Hemorrhoids, what can I do at home? There are two aspects to home care to consider. The first is the plan that you must have in place at all times to keep your hemorrhoids from getting worse. We've talked about much of this under Hemorrhoids: Can They Be Prevented ?. This care basically has to do with increasing your fiber and water intake, avoiding training or sitting too long which increases pressure in the sensitive anal region, and changing many of your bowel habits.

The second part of home care has to do with easing symptoms when you are having a flare-up of hemorrhoid symptoms. Before we discuss that, please note the following two warnings:

First of all, if you have a sudden sunset of severe pain in the rectal region you should consult your doctor right away. One of your hemorrhoids may have thrombosed. If this has happened you need medical intervention in order to keep the situation from worsening into conditions called strangulation or gangrene

If you experience a marked change in bowel habits or if you are passing stools that are black or tarry or contain blood clots, you need to consult your doctor immediately. These symptoms could indicate bleeding somewhere else in your bowel and need to be checked without delay.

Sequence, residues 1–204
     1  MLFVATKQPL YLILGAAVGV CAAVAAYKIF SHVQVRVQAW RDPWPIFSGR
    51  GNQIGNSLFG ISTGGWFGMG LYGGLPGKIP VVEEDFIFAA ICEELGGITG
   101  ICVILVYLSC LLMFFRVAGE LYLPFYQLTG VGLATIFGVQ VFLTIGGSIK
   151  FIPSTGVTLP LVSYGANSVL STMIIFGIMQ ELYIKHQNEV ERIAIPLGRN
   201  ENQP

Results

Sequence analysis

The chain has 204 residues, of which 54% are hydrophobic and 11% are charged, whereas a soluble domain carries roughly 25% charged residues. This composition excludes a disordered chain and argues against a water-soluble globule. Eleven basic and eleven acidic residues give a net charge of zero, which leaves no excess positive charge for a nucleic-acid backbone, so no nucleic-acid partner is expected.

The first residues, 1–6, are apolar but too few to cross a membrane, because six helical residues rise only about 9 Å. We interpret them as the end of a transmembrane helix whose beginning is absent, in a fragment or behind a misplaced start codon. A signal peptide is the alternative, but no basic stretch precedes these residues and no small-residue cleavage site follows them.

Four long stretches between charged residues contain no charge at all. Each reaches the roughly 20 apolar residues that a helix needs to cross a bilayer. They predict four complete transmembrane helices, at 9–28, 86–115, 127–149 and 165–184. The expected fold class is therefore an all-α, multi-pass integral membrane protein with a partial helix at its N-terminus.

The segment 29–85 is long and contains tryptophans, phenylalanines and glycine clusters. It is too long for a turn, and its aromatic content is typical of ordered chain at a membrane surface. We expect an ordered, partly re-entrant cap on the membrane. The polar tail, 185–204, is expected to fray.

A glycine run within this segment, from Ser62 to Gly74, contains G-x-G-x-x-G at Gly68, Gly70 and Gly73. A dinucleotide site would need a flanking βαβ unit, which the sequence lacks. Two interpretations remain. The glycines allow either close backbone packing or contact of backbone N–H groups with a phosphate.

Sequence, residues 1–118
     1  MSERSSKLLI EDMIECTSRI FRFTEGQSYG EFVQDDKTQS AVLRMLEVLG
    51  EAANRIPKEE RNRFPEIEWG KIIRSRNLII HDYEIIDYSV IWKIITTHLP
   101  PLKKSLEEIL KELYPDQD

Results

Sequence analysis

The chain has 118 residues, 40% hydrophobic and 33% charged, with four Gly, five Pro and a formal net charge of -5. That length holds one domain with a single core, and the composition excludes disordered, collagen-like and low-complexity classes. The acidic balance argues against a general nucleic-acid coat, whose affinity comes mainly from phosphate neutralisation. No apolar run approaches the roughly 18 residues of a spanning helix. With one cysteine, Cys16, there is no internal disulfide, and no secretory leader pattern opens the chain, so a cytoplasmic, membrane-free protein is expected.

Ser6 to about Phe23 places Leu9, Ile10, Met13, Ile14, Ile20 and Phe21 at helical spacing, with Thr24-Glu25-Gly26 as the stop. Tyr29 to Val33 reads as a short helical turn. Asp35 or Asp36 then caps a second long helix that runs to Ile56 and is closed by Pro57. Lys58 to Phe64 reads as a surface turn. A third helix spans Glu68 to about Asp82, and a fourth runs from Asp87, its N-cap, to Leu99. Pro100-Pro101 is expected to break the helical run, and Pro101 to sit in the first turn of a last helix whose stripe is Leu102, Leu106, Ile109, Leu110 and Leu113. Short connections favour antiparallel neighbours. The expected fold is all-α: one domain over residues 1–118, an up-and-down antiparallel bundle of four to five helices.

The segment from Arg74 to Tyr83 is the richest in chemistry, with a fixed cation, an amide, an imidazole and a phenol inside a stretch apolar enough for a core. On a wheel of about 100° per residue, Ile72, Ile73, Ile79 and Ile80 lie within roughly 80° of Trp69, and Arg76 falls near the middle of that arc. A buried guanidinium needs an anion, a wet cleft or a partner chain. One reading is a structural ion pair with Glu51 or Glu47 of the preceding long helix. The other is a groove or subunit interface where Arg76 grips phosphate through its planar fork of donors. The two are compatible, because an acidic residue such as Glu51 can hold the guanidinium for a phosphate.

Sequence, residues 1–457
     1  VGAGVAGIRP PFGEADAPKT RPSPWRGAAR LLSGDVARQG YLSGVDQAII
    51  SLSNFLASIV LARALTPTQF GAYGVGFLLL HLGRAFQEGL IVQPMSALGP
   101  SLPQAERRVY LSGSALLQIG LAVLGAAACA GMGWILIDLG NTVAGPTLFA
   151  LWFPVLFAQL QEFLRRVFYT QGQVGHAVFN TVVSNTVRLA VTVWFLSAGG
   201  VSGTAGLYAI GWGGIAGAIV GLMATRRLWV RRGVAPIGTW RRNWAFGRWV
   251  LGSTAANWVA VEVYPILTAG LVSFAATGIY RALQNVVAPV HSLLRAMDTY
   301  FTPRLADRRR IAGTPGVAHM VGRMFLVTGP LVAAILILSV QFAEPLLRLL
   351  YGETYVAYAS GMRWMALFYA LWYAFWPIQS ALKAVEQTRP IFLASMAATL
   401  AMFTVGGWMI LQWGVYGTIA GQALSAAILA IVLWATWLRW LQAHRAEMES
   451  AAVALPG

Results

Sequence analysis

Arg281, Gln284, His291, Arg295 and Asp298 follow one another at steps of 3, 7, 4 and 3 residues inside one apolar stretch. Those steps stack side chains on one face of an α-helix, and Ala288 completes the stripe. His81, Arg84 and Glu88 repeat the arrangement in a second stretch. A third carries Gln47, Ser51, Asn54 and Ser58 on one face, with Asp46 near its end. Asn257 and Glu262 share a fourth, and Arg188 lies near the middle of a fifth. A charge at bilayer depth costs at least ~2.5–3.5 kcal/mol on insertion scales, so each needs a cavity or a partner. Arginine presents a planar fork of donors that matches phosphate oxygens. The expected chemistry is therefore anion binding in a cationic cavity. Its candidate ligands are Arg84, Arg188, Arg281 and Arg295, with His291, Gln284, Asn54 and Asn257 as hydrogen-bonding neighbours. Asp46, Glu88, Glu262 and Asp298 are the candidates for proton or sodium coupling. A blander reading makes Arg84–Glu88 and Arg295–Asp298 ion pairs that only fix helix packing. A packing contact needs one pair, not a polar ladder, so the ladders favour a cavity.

For this discussion though we will talk about how to ease the discomfort of a flare-up that is similar to those you have had before and how to deal with newly diagnosed hemorrhoids: burning, itching, pain on passage of stool. Happily, there are very effective measures you can take on your own.

  • Over-the-counter ointments to reduce itching and swelling
  • Nonprescription pain relievers (Tylenol, Motrin, Aleve or others)
  • Eat more fiber in your diet by including whole-grain breads and cereals, raw vegetables, raw and dried fruits, and beans.
  • Minimize foods which contain little or no fiber such as soft drinks, ice cream, cheese, white bread, and red meat.
  • Avoid foods that can be irritating to your bowel. These may include nuts, spices, caffeine
  • Keep a food diary to determine which foods bother you. You are the world's expert on what your system tolerates and and rejects
  • Avoid prolonged sitting on the toilet or elsewhere
  • Try to avoid lifting heavy objects which may cause a hemorrhoid to “pop out” or rupture. If you must lift, do not hold your breath.
  • Blot the tender hemorrhoids with non-perfumed wipes after passing stool. Do not rub!
  • Use non-perfumed soap for cleansing. Do not rub!
  • Soak the anal area in warm water in the bathtub for 15-20 minutes several times per day (this is called a Sitz bath)
  • Alternate ice packs with warm compresses to the area for 15 minutes 2 or 3 times per day
  • Apply a moist, warm towel to the area to ease burning and itching
  • Wear cotton underwear so as to soak up moisture in the anal region
  • Wear loose fitting clothing so avoid irritation to the hemorrhoid area
  • Change positions frequently.
  • Do not use a donut ring to sit on because this causes pressure in the area surrounding the hemorrhoids and may worsen them
  • Lie on your stomach when you can to relieve the pressure and allow the inflammation to subside.

These measures should get you through the crisis. If you do not experience any relief and the symptoms persist, check with your doctor. Next time we'll talk about serious complications of untreated hemorrhoids.